The Play is the Thing

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photo courtesy of Ginny Schneider

On these “ordinary” days of extraordinary color, magic, and mystery that the subtle winds of October bring to us, I find that like the sweet nectar of savoring that swirling and cascading leaf, or the tramp, stumble, and skip down the road-memories of childhood, the pseudo indulgence (an actually necessity) of play also draws us in. We hear it whisper, “oh, please, just one game, one dance, one indulgent giggle!” And we give in (thank goodness!)

I found myself in a small intentional community gathering the other day, asking me to “come and play” for an hour or two. The format was simple: take 8 adults, an outdoor space, and a few games (like toss the ball, say a name, next person goes, remember the order, then do it all backwards!) and suddenly, enter the doorway into fun. It doesn’t take much, just a little time and a little willingness. The results are: easier breathing, lots of laughter, and more playmates!

Today I’m hanging out with my dear friend’s two boys who love to join with me in adding a little silliness to a ping pong game (can you do a dance move in between each paddle swing? let’s see how many rhymes we can come up with for our names. . . card trick anyone?) And the free and easy, breezy attitude of play releases me into movement, unpolished cleverness, and belly laughs. The drive with my daughter and a friend or two the other day belting out at the top of our lungs a well-trodden song from the nineties did the same thing.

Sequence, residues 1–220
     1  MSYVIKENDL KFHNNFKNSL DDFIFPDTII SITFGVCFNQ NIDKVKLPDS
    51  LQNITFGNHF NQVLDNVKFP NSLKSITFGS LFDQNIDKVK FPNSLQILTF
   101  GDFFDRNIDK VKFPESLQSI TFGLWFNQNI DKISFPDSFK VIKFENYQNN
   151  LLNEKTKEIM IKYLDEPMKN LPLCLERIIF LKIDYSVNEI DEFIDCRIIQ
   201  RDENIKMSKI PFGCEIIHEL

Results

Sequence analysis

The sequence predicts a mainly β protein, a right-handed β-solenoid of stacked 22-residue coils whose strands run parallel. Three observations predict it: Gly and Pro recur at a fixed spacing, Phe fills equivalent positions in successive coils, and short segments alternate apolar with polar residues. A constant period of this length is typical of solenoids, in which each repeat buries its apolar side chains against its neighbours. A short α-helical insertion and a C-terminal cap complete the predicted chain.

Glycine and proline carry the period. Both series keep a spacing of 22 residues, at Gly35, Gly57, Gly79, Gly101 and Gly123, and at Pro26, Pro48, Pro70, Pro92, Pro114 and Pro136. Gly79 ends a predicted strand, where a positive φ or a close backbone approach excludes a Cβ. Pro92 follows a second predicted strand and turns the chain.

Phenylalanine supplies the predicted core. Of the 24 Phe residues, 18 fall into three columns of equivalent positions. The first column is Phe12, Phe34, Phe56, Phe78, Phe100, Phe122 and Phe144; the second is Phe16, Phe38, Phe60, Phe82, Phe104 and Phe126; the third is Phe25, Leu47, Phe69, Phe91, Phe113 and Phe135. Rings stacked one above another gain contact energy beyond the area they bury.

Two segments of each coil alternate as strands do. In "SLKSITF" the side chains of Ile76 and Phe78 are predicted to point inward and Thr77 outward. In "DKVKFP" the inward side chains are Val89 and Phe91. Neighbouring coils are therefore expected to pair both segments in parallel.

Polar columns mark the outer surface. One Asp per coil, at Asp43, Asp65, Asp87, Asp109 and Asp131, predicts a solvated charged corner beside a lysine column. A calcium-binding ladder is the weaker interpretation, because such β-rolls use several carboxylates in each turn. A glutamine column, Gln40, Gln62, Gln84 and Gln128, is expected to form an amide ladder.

What would you like to play today?

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Preparing for change: saying good-bye at 18

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After my daughter’s rite of passage, when she crossed the threshold of leaving home and entering a new adventure into serving a low-income neighborhood in Chicago at age 18, I found that marking that event for myself, its joy and sorrow, helped create a salve for my heart. It embraced the moment with all of its gratitudes and difficulties.

Missing

My genetics are pasted

to your internal wall,

muscle connects muscle

across the skyline,

and I, like a fishing line,

cast my thoughts into

your inward diaries.

All I get now is

a wave of light,

a face, a whisper

from the faraway,

a stroke of hair

teased out by sunlight,

a word that tinkles

and stitches out

the seamline

of your voice,

a vast swath of sunrise

that sketches out

the color palette of

your being,

something in the

air that tells me

you

are

in

the world.

– Gina Marie Mammano

Second Rite of Passage: games and rosaries: now, it’s Ginny’s turn

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Sunday. After breakfast, it’s Ginny’s turn to present.

“Ginny, how many pieces of paper are needed for your game, ‘fax machine’?”

“There are six people, so booklets of six pages each.”

We began to play.

“Write down a random phrase, pass it to your left, read it, draw a picture about what you read, pass it on, draw a picture about what you read, etc. until we’re done.”